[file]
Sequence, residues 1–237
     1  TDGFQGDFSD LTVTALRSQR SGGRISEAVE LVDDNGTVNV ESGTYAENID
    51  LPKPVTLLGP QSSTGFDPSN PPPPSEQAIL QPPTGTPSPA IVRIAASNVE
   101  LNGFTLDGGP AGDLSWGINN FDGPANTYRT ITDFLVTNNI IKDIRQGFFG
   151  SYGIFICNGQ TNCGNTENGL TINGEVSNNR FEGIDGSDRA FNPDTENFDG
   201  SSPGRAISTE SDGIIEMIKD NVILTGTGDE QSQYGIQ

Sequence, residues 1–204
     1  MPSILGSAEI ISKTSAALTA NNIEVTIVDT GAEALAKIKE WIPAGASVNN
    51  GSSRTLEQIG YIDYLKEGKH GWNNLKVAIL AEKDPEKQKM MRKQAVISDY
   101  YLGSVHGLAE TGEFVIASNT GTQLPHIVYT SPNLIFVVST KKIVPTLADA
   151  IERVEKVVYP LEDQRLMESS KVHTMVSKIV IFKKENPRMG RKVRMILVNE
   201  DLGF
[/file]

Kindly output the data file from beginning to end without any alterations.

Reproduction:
Sequence, residues 1–237
     1  TDGFQGDFSD LTVTALRSQR SGGRISEAVE LVDDNGTVNV ESGTYAENID
    51  LPKPVTLLGP QSSTGFDPSN PPPPSEQAIL QPPTGTPSPA IVRIAASNVE
   101  LNGFTLDGGP AGDLSWGINN FDGPANTYRT ITDFLVTNNI IKDIRQGFFG
   151  SYGIFICNGQ TNCGNTENGL TINGEVSNNR FEGIDGSDRA FNPDTENFDG
   201  SSPGRAISTE SDGIIEMIKD NVILTGTGDE QSQYGIQ

Sequence, residues 1–204
     1  MPSILGSAEI ISKTSAALTA NNIEVTIVDT GAEALAKIKE WIPAGASVNN
    51  GSSRTLEQIG YIDYLKEGKH GWNNLKVAIL AEKDPEKQKM MRKQAVISDY
   101  YLGSVHGLAE TGEFVIASNT GTQLPHIVYT SPNLIFVVST KKIVPTLADA
   151  IERVEKVVYP LEDQRLMESS KVHTMVSKIV IFKKENPRMG RKVRMILVNE
   201  DLGF